Last week, the Kansas legislature passed a welfare reform bill to limit access to TANF (Temporary Assistance for Needy Families), a program that helps clothe and shelter children living in poverty. For one thing, the legislature put a lifetime limit of 36 months on TANF, when the federal limit is 60 months. What was really remarkable, though, was the fantastical list of items that TANF recipients—the majority of whom are children or single parents—are not allowed to buy with their aid money. Tim Carpenter of the Topeka Capital-Journal reports:
No TANF cash aid could be spent out-of-state or anywhere for expenditures in a liquor store, casino, jewelry store, tattoo or body piercing parlor, spa, massage parlor, nail salon, lingerie shop, tobacco paraphernalia store, psychic or fortune telling business, bail bond company, video arcade, movie theater, swimming pool, cruise ship, theme park, dog or horse racing facility or sexually oriented retail business.
It’s unclear why TANF recipients aren’t also barred from buying magical swords or vacations to the moon, since they’re about as likely to buy those with their big TANF bucks as they are to buy a cruise or a theme-park package. And if you’re the sort of person who loses sleep at night thinking of an impoverished child spending a couple of fun hours at a movie theater, don’t worry: The average TANF benefit for a single mother with two children in Kansas is $430 a month, which is down a whopping 33 percent in real dollars from the 1996 average. Not much money left over for the movies once you’re done covering basic bills.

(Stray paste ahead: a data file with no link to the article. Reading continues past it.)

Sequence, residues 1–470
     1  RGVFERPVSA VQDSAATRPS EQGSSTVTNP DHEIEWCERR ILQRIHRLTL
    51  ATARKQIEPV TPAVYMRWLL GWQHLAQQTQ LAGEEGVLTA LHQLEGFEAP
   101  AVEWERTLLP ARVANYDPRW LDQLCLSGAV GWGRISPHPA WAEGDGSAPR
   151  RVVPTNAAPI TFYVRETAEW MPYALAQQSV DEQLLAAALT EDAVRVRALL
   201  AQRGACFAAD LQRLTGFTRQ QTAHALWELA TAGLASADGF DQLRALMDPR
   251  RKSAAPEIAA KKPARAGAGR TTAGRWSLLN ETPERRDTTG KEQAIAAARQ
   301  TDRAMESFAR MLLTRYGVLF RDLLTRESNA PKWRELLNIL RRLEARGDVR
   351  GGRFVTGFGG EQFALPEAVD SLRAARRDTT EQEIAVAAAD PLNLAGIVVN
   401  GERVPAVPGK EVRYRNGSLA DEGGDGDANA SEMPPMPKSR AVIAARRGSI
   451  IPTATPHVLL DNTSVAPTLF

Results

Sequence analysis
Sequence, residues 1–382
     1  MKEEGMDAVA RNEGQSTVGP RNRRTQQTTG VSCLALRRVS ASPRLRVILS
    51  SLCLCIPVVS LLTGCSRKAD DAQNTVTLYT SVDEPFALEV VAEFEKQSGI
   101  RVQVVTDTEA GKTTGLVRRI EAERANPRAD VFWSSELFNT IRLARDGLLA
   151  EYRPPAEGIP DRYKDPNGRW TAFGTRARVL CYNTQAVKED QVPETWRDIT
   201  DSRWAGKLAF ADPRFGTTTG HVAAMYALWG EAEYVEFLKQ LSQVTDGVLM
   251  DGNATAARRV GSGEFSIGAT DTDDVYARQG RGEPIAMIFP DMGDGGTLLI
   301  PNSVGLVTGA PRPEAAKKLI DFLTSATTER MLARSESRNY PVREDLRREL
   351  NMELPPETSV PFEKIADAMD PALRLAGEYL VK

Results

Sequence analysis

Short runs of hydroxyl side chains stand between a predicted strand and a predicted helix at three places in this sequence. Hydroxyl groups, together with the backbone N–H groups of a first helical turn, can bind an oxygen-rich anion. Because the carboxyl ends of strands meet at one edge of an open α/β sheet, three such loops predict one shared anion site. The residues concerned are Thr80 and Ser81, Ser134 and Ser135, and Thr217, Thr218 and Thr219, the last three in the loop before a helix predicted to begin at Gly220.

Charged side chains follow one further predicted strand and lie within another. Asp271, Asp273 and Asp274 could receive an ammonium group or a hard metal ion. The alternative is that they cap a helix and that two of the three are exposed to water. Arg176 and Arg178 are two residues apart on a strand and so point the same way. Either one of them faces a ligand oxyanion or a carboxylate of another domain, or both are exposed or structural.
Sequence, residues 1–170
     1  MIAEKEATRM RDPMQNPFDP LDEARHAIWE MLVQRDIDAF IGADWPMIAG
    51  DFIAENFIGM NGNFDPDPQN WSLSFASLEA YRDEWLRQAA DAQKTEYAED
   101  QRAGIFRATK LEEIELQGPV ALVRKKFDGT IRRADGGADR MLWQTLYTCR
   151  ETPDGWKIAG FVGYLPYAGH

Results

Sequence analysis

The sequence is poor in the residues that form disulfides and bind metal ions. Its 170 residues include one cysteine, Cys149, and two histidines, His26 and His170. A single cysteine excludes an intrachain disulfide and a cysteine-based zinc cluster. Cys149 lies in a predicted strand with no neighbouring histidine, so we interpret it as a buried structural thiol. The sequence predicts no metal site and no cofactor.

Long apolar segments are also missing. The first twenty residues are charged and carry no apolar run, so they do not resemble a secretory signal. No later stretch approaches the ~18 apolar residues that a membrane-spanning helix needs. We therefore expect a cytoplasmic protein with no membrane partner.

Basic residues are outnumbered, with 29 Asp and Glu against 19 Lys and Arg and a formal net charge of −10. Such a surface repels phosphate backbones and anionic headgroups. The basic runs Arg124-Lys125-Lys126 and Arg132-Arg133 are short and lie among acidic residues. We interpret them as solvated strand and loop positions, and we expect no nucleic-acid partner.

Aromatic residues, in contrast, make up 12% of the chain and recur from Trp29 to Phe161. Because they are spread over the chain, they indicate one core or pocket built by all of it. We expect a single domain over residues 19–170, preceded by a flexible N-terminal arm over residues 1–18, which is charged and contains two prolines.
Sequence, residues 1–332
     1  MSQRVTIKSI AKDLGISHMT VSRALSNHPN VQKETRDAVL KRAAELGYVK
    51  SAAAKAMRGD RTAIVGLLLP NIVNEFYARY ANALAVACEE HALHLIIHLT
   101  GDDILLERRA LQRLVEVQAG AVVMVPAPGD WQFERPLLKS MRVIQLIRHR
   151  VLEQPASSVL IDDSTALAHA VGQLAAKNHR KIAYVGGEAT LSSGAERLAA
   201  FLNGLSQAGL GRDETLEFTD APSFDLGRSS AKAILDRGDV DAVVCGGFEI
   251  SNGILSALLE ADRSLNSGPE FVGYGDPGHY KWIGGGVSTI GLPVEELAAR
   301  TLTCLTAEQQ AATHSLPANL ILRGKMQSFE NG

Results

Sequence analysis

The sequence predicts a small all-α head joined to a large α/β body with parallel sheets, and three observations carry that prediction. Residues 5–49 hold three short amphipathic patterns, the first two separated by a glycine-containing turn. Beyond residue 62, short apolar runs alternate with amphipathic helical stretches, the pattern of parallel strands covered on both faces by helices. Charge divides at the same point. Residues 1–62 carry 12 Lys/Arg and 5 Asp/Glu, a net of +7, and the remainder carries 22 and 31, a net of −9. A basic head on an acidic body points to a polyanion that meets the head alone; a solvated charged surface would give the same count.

The punitive, controlling, and condescending aspects of this bill aren’t limited to a ridiculously specific list of forbidden pleasures. An amendment to the bill limits the amount of money a TANF recipient may withdraw from an ATM to $25 a day. “Sen. Oletha Faust-Goudeau, D-Wichita, argued against that amendment, noting that some people used TANF aid to pay rent and utility bills,” Carpenter writes. It’s a pointless and humiliating tacked-on hassle, seemingly devised to punish people for being poor.
Most TANF beneficiaries are adult women who are the heads of their households, or children whose money is obviously controlled by their parents or guardians—most of whom are women. Since this is the same legislature that has spent the past few years passing laws limiting women’s reproductive health care access, I’m wondering if it might be simpler and more affordable to pass a law mandating a state-appointed guardian for every woman in Kansas.